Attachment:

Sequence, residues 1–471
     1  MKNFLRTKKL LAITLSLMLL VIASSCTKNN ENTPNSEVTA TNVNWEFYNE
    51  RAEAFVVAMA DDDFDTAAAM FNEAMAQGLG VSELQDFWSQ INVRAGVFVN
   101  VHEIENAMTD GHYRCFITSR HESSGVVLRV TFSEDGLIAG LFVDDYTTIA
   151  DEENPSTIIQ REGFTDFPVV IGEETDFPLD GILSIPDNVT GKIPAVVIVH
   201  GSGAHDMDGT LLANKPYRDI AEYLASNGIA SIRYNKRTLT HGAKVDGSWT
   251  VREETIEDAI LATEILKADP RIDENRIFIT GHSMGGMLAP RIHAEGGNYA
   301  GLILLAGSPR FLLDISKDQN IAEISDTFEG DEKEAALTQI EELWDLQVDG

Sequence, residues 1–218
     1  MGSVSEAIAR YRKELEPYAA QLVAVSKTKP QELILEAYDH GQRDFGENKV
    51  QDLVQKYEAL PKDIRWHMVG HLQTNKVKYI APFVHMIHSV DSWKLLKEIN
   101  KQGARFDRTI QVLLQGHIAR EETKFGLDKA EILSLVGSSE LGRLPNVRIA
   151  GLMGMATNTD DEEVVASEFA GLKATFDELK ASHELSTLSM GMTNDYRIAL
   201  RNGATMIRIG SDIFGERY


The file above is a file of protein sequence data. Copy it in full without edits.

Sequence, residues 1–471
     1  MKNFLRTKKL LAITLSLMLL VIASSCTKNN ENTPNSEVTA TNVNWEFYNE
    51  RAEAFVVAMA DDDFDTAAAM FNEAMAQGLG VSELQDFWSQ INVRAGVFVN
   101  VHEIENAMTD GHYRCFITSR HESSGVVLRV TFSEDGLIAG LFVDDYTTIA
   151  DEENPSTIIQ REGFTDFPVV IGEETDFPLD GILSIPDNVT GKIPAVVIVH
   201  GSGAHDMDGT LLANKPYRDI AEYLASNGIA SIRYNKRTLT HGAKVDGSWT
   251  VREETIEDAI LATEILKADP RIDENRIFIT GHSMGGMLAP RIHAEGGNYA
   301  GLILLAGSPR FLLDISKDQN IAEISDTFEG DEKEAALTQI EELWDLQVDG

Sequence, residues 1–218
     1  MGSVSEAIAR YRKELEPYAA QLVAVSKTKP QELILEAYDH GQRDFGENKV
    51  QDLVQKYEAL PKDIRWHMVG HLQTNKVKYI APFVHMIHSV DSWKLLKEIN
   101  KQGARFDRTI QVLLQGHIAR EETKFGLDKA EILSLVGSSE LGRLPNVRIA
   151  GLMGMATNTD DEEVVASEFA GLKATFDELK ASHELSTLSM GMTNDYRIAL
   201  RNGATMIRIG SDIFGERY